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Can an insolvent party adjudicate? Another nail in the coffin…

Technically, insolvent companies can adjudicate – but a recent case has put yet another nail in the coffin of those that try. While they may be able to get a decision, it will only be enforceable in exceptional circumstances.

We’ve written before about the dangers of adjudicating while insolvent. John Doyle v. Erith Contractors, a Court of Appeal decision from October 2021, didn’t go quite as far as to say that a company in liquidation could never enforce an adjudicator’s decision, but it did show that it would be a rare case when it could. A case in the last few weeks from the TCC – J A Ball Limited (in Administration) v. St Philips Homes (Courthaulds) Ltd (currently unreported) – has reinforced that position.

Background facts

J A Ball was a main contractor based in Nottingham that went into administration in late 2020. It persuaded an adjudicator to accept jurisdiction – which generally will be the case since the Supreme Court in Bresco v. Lonsdale decided that insolvent companies had an in-principle right to adjudicate – and to award it a balancing payment from St Philips Homes, its employer.

St Philips resisted enforcement on the basis of a breach of natural justice (the adjudicator had apparently gone off on frolic of their own), but of more interest in this context were its (unsurprising) references to Ball’s financial position. Although the court actually decided against enforcement because of the breach of natural justice, it went on to provide guidance on the insolvency position – guidance which will be very useful given the proliferation of insolvency-related adjudications in recent years.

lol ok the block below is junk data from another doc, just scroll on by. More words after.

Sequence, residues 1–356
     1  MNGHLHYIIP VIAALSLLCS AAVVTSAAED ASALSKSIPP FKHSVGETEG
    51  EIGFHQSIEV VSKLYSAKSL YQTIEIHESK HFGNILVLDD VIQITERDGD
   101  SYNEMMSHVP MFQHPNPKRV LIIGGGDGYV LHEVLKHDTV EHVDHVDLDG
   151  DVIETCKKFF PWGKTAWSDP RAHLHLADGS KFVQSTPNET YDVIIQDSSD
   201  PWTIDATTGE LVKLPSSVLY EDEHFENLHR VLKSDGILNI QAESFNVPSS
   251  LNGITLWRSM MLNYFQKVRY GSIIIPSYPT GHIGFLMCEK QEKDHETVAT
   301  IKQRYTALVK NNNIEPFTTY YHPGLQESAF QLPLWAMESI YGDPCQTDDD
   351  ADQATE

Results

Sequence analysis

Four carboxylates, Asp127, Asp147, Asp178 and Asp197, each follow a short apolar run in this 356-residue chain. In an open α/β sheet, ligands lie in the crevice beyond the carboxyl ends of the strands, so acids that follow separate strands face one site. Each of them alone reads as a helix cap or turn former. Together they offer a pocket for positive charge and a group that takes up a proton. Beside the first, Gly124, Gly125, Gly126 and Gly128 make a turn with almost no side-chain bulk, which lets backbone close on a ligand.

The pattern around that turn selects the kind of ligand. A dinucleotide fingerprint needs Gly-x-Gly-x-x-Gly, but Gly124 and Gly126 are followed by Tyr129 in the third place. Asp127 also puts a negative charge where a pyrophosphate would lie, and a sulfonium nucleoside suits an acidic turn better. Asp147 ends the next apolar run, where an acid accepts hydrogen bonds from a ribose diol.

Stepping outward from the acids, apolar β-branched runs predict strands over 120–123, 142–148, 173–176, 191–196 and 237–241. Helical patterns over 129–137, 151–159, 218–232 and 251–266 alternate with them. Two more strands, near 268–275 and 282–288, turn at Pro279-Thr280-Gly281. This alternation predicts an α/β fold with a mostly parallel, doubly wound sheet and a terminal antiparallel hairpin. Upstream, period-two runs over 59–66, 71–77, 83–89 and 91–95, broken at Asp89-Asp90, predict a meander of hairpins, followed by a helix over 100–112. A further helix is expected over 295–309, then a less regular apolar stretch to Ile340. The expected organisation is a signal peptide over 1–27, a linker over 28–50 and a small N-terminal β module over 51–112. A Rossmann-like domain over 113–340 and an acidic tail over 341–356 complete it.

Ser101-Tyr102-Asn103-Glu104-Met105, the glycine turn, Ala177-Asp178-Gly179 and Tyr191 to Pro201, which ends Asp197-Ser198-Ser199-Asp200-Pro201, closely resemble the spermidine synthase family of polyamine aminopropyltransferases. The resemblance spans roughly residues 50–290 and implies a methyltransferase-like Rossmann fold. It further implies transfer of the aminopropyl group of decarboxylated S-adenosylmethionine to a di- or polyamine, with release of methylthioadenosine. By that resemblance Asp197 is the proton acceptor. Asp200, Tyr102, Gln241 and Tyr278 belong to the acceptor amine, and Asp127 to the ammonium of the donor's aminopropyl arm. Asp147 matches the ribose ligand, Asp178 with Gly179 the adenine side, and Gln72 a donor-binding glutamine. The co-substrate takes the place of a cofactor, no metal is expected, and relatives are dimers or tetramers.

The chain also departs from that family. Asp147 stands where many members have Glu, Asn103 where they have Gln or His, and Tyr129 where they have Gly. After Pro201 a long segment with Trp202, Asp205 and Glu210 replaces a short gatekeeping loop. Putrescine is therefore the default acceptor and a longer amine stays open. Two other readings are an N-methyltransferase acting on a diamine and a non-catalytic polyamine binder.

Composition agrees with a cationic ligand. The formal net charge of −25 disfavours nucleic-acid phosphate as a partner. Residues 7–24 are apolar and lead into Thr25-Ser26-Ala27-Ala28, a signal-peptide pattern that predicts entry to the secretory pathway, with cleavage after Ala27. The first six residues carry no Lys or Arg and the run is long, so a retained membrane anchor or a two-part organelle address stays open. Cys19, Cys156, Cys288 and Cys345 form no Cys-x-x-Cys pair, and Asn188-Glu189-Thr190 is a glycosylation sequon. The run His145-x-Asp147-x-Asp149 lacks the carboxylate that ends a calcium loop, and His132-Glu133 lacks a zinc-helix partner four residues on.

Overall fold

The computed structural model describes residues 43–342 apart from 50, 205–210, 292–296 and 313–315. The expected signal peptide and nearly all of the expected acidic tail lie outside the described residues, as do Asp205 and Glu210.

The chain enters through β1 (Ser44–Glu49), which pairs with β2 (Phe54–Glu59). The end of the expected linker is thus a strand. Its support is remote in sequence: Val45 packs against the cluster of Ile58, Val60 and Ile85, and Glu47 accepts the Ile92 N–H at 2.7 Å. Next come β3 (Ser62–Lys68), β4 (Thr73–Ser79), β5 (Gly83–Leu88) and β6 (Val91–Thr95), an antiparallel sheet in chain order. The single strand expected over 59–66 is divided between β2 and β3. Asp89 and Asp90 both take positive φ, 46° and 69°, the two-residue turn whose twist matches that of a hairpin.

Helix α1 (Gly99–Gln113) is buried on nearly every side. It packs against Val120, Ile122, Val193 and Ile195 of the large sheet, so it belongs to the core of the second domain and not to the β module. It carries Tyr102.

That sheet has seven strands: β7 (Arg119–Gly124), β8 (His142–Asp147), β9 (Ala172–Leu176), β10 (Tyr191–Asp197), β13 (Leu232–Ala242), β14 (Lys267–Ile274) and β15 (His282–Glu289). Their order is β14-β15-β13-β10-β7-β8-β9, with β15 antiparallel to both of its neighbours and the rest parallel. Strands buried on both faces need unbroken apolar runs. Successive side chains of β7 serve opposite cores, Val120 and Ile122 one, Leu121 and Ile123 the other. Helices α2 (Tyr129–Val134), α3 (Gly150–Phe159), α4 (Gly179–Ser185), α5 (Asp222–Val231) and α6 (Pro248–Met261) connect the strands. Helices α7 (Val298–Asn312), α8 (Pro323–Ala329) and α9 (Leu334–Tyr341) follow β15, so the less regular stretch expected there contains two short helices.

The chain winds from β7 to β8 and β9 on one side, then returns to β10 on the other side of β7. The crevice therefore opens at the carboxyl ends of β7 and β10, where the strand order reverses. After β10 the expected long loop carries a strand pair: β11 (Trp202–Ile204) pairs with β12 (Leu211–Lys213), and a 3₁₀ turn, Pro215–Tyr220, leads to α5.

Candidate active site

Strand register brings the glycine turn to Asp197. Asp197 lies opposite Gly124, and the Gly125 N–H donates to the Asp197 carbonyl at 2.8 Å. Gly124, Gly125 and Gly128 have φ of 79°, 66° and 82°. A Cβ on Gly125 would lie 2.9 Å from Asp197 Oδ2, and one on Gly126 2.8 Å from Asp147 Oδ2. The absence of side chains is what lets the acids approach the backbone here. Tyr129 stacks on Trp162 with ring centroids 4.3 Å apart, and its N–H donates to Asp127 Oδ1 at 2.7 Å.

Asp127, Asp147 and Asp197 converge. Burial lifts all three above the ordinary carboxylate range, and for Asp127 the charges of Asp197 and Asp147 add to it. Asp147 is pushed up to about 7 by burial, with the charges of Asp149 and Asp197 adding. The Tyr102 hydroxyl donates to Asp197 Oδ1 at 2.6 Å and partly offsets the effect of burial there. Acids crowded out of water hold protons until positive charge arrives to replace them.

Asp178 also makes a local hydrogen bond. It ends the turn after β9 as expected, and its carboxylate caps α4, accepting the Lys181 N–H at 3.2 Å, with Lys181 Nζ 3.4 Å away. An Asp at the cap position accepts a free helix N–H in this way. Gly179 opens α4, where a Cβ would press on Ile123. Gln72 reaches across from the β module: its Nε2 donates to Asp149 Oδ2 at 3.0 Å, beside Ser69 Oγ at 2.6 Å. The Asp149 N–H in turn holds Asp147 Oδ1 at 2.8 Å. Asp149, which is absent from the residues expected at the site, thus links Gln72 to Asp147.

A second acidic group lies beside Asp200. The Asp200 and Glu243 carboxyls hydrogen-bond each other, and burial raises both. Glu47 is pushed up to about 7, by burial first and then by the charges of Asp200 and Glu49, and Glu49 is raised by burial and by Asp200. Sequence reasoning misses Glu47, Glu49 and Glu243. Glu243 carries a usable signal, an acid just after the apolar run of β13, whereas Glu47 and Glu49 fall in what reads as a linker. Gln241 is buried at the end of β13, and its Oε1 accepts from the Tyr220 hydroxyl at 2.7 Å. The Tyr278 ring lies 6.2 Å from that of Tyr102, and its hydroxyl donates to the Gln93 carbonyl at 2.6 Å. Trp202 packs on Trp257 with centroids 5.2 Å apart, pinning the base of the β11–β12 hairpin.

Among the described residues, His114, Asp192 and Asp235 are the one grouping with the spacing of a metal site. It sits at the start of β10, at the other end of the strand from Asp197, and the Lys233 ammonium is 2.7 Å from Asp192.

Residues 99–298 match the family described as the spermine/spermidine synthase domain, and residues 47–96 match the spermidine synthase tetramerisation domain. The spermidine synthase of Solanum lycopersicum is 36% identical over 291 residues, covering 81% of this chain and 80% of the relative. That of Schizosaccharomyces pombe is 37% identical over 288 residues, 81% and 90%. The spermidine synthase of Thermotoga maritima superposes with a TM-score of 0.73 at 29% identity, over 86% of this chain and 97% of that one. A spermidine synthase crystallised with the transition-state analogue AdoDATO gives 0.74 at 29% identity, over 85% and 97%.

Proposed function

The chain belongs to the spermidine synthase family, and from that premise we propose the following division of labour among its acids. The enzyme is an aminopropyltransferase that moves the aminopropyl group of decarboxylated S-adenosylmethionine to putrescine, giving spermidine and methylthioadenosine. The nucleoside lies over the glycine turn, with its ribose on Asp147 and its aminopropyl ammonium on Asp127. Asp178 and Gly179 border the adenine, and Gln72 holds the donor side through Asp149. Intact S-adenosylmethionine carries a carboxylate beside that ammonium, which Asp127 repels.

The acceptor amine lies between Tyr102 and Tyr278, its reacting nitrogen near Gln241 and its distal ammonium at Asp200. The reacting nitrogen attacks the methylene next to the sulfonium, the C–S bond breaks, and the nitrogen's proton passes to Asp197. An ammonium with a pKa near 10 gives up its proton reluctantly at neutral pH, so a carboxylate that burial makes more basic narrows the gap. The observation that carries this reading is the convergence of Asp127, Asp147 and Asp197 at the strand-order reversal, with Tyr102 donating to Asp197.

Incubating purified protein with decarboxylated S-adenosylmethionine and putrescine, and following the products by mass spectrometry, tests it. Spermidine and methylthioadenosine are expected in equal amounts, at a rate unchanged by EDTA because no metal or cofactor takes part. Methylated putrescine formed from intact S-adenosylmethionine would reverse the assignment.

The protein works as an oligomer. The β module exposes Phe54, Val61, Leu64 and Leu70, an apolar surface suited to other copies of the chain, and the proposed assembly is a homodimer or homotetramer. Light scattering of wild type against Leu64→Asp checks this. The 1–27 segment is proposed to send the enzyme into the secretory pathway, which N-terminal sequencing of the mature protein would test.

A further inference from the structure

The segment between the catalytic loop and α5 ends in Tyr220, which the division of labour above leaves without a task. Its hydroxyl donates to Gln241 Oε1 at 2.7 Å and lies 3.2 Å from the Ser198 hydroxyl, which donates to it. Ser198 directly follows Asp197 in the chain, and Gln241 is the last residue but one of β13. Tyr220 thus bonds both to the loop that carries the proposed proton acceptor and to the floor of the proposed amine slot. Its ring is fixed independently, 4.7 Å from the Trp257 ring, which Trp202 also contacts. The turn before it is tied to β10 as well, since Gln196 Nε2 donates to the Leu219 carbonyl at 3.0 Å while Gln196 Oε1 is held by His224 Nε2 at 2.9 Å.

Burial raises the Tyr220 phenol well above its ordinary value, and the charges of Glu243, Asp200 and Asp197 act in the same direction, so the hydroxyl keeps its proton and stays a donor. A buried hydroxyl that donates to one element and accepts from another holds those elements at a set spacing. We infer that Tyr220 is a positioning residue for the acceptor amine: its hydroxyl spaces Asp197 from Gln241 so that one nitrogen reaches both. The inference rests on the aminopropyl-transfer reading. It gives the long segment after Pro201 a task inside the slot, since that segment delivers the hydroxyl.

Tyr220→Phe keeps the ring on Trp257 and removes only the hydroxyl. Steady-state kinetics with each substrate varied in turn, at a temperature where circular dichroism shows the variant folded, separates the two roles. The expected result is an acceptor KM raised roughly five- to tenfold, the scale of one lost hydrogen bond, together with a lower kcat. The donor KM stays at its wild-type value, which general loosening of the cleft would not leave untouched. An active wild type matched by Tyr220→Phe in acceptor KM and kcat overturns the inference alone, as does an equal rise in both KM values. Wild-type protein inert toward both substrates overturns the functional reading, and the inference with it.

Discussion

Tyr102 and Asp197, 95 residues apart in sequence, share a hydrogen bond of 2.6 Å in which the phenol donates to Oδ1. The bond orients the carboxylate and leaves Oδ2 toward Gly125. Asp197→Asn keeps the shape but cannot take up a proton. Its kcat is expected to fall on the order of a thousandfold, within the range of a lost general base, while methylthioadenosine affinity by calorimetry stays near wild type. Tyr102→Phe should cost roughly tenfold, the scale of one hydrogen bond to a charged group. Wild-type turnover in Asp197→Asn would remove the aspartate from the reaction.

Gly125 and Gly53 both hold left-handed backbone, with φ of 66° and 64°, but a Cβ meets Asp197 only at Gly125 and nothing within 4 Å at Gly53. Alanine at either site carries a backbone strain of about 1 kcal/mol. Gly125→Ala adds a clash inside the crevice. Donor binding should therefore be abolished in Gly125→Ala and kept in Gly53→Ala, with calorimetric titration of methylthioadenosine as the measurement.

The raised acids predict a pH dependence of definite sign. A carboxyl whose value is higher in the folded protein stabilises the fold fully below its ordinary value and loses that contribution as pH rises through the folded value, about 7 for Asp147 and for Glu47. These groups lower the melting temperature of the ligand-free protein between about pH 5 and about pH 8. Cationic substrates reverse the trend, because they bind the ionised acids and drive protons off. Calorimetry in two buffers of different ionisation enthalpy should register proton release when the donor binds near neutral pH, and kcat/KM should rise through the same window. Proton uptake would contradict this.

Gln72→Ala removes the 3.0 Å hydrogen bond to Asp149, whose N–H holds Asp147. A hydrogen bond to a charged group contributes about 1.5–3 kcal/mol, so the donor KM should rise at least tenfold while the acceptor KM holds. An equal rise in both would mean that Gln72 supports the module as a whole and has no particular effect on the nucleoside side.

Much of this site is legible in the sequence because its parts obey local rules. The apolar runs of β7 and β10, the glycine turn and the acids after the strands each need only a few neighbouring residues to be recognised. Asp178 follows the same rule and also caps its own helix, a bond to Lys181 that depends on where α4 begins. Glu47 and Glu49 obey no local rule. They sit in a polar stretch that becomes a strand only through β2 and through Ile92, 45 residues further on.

Court’s guidance on insolvent companies adjudicating

The court’s first observation was that a company in insolvent liquidation facing cross-claims or set-offs will generally not be entitled to enforce an adjudicator’s decision. That is now established law and arises out of the effect of the Insolvency Rules – but doesn’t apply to companies in administration unless a ‘notice of distribution’ is given. Ball therefore argued that this well-settled position didn’t apply because rather than being in liquidation, it was in administration. However, the court said that wasn’t correct: there was no doubt as to Ball’s insolvency in this case and therefore the fact it was in administration rather than liquidation was a technicality which made no difference to the adjudication enforcement.

Administration is a common insolvency procedure for construction companies – often more-so than liquidation. In part, that’s because administration allows companies to continue to trade by facilitating pre-pack sales. Strictly speaking the idea of administration is to allow the company to recover as a solvent, trading company, and often that can work – think of a string of high street retail names that have gone into administration and come out the other side. But that almost never happens to construction companies. As such, it’s likely that for most construction companies in administration the court would reach the same decision as in this case.